“No matter then how corrupt the government—from the corrupt, hypocritical republic that establishes by law and holds in existence a most abhorrent and diabolical system of robbery, and lust, and murder, down through all the grades of aristocracy and monarchy, originating in, or originating—as a large proportion of them do—popery, Mahomedanism, and idolatry, in all their degrading, dehumanizing, man-destroying, God-dishonoring forms—all, all these corrupt and corrupting institutions are the workmanship of an all-wise, and holy, and just God!!! The consummate absurdity—not to say the involved shocking impiety and blasphemy—of deliberately and intelligently holding to such sentiments, lies out on the face of the declaration. To expose them, it needs no argument or comment. I would not be understood as denouncing, outright, friend Mitchell, as a blasphemer. I am altogether willing to attribute the monstrous heresy to ‘blindness of mind’—the habit of taking upon trust long received opinions—rather than to perverseness of heart.”
Read the rest here.
In Summer 2015 the American Bible Society moved from New York City to Philadelphia. It currently rents two floors in the Wells Fargo building at 5th and Market streets. And according to this article at Philly.com, it is ready to move forward with its $60 million dollar Faith and Liberty Discovery Center.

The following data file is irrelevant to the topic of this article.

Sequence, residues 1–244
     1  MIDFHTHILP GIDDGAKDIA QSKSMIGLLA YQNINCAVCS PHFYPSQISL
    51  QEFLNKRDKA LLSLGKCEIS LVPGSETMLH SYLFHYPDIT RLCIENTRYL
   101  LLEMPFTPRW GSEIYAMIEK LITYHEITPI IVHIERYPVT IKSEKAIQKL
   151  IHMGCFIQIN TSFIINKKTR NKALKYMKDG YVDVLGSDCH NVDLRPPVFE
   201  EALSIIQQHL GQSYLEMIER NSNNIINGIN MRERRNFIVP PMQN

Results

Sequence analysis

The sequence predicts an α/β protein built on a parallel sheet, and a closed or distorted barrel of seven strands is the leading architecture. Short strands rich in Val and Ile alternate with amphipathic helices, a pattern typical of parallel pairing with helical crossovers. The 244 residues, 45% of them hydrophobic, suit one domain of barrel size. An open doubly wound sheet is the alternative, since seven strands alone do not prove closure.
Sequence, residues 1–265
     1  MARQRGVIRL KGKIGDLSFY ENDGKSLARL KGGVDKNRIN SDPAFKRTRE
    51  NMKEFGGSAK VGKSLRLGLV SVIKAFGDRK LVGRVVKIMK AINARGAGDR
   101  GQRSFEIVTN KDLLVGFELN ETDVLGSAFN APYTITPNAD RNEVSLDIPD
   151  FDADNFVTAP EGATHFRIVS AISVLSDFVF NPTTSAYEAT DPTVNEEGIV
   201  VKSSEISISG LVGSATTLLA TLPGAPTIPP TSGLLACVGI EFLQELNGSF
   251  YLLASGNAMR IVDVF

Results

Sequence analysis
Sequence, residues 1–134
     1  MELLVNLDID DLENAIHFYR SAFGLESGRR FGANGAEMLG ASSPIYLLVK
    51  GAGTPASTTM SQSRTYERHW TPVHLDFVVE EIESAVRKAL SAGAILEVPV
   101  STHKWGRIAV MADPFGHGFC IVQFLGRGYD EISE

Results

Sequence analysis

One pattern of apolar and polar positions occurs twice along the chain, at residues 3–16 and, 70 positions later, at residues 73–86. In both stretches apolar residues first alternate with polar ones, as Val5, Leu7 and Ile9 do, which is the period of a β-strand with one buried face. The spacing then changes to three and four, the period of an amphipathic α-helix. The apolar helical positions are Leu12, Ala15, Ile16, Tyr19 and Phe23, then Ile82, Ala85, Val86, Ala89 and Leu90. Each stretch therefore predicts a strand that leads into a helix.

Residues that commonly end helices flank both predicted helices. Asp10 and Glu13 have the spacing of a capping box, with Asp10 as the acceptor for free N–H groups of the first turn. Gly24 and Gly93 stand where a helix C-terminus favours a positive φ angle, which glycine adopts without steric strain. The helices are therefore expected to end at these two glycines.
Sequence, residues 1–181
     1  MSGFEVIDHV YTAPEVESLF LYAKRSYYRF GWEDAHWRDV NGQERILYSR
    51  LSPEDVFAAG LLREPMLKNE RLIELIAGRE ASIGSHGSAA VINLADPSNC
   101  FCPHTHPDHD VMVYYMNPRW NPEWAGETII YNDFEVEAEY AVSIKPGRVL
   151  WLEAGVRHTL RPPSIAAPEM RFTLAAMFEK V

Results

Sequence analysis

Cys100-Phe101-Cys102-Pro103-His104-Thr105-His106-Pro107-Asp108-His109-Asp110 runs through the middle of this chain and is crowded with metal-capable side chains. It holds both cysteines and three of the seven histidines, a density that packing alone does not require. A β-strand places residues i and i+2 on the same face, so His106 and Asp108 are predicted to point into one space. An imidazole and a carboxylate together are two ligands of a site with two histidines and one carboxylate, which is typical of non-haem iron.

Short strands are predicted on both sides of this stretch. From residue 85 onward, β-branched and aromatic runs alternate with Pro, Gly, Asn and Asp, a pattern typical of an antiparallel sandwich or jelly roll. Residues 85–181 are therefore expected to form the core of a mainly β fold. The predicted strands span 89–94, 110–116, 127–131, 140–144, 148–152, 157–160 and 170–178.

Full disclosure: At a very early stage of this project I served as a historical consultant. I attended one meeting and offered some suggestions. I am no longer involved in the project.
Here is a taste of the Philly.com article:
This $60 million project seeks to help explain the influence of the Bible on American history. It also hopes to activate the ground floor of the fortress-like Wells Fargo building, improving its interactions with its surroundings.
At Wednesday’s Art Commission’s conceptual review of the project, the managing director of the Faith and Liberty Discovery Center, Patrick Murdock, laid out the Society’s vision with an assist from the project’s architects.
The Center will seek to enliven the underutilized mid-block pedestrian path just to the north of the Wells Fargo building, which connects 4th and 5th streets.
The public space will feature a new 14,100 square foot building, a restructured garden, wood benches, and a stage area will cover the delivery ramp that trucks use to access the building’s basement. It could be used for performances or gatherings, open to the public, even when it isn’t being put to official use.
All told, the new project covers a total of well over 50,000 square feet.
I wrote about this project in the Epilogue of my book The Bible Cause: A History of the American Bible Society.
Here is a taste: